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Please use this identifier to cite or link to this item: http://hdl.handle.net/1807/31867

Title: Using Peer Firms to Examine whether Auditor Industry Specialization Improves Audit Quality and to Enhance Expectation Models for Analytical Audit Procedures
Authors: Minutti Meza, Miguel
Advisor: Richardson, Gordon
Zhang, Ping
Department: Management
Keywords: Auditor industry specialization
Analytical audit procedures
Audit quality
Peer firms
Earnings management
Issue Date: 10-Jan-2012
Abstract: This dissertation investigates how economically-comparable peer firms can be used to obtain inferences about a company’s accounting quality in two different research settings. The first Chapter examines whether auditor industry specialization, measured using auditor market share by industry, improves audit quality. After matching clients of specialist and non-specialist auditors according to industry, size and performance, there are no significant differences in audit quality between these two groups of auditors. In addition, this Chapter uses two analyses that do not rely primarily on matched samples. First, examining a sample of Arthur Andersen clients that switched auditors in 2002, there is no evidence of industry-specialization effects following the auditor change. Second, using a simulation approach, this study shows that client characteristics, and particularly client size, influence the observed association between auditor industry specialization and audit quality. Overall, these findings do not imply that industry knowledge is not important for auditors, but that the methodology used in extant studies examining this issue may not fully parse out the effects of auditor industry expertise from client characteristics. The second Chapter examines whether account-level expectation models for analytical audit procedures can be enhanced by using information from economically-comparable peer firms. This Chapter assesses the effectiveness of three main types of expectation models, with and without including information from peer firms: heuristic, time-series, and industry cross-sectional models. Information from peer firms improves the accuracy of all models and improves the detection power of time-series and industry cross-sectional models. Comparing between models, one-period heuristic models are generally unreliable, and industry cross-sectional models can be more effective than time-series models. These findings may help auditors of public companies and financial analysts in selecting expectation models and finding peer firms to assess the reasonability of a company’s financial information at the account-level.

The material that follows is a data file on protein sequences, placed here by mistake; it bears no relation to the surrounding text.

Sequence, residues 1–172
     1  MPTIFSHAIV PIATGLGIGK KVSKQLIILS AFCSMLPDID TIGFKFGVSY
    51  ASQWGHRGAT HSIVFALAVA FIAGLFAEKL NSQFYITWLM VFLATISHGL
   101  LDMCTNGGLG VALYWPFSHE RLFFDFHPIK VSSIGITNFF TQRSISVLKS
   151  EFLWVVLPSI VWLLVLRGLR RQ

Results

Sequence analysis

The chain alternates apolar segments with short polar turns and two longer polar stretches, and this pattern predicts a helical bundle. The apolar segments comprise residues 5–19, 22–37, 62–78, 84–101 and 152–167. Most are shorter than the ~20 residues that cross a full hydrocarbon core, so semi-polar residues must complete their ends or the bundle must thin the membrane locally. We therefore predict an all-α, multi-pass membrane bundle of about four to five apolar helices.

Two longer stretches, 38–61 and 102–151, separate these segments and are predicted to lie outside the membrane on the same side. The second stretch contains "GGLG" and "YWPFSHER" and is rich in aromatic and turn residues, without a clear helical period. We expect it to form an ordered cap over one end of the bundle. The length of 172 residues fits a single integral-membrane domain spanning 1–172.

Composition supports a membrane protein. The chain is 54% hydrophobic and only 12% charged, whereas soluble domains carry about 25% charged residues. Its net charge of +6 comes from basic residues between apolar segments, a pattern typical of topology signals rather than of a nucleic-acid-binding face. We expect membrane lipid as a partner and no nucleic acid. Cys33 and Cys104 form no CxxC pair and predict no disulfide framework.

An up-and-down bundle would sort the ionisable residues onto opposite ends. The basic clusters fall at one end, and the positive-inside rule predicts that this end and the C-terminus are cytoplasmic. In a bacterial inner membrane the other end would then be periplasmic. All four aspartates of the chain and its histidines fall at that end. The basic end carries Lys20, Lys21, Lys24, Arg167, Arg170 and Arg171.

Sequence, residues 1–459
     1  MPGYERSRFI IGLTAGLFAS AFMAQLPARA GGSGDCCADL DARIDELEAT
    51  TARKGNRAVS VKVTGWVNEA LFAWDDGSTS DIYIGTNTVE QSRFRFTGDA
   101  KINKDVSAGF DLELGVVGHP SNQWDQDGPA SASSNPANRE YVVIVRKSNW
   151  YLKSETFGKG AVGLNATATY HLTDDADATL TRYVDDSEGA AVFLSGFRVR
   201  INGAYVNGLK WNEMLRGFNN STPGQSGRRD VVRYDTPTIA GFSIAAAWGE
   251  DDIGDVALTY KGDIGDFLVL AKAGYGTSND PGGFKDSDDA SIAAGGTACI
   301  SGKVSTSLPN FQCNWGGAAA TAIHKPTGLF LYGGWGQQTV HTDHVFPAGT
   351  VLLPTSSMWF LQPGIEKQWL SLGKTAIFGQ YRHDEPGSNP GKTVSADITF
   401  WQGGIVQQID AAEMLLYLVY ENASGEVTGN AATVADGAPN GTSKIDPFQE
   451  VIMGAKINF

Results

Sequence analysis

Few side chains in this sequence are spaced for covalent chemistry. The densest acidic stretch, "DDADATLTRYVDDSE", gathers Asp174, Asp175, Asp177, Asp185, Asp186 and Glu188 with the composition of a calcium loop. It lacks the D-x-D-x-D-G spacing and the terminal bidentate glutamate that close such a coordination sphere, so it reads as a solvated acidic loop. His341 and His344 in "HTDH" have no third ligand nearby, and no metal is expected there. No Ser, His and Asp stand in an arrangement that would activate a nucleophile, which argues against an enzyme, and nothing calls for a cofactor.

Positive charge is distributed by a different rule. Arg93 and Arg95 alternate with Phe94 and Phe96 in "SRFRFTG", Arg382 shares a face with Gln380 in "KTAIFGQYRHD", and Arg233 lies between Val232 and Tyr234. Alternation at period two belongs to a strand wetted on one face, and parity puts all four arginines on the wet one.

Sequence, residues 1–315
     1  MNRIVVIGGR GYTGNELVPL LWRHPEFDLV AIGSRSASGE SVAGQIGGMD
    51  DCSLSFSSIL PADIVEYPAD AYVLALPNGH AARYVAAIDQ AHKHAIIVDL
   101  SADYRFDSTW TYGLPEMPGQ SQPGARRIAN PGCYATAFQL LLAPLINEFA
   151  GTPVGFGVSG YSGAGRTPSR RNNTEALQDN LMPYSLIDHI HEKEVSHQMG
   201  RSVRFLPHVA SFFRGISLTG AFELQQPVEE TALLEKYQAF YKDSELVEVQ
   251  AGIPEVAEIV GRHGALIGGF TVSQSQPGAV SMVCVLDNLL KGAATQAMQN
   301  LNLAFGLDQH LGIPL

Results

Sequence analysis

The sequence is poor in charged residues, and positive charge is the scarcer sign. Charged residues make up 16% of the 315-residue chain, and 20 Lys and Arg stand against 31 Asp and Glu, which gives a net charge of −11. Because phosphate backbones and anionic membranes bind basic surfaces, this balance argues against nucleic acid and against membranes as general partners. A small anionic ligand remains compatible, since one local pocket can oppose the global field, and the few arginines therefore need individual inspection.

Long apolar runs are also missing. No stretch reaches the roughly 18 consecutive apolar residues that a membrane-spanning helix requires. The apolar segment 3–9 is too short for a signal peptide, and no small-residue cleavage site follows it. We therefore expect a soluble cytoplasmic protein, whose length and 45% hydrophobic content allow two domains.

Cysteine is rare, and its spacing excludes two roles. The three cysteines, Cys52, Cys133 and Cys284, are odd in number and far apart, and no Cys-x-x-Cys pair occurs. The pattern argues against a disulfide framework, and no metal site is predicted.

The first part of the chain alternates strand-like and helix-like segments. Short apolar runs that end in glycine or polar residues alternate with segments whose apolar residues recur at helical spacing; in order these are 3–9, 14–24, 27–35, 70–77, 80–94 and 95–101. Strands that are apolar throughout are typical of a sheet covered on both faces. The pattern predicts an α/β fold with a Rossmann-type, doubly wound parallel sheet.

URI: http://hdl.handle.net/1807/31867
Appears in Collections:Doctoral

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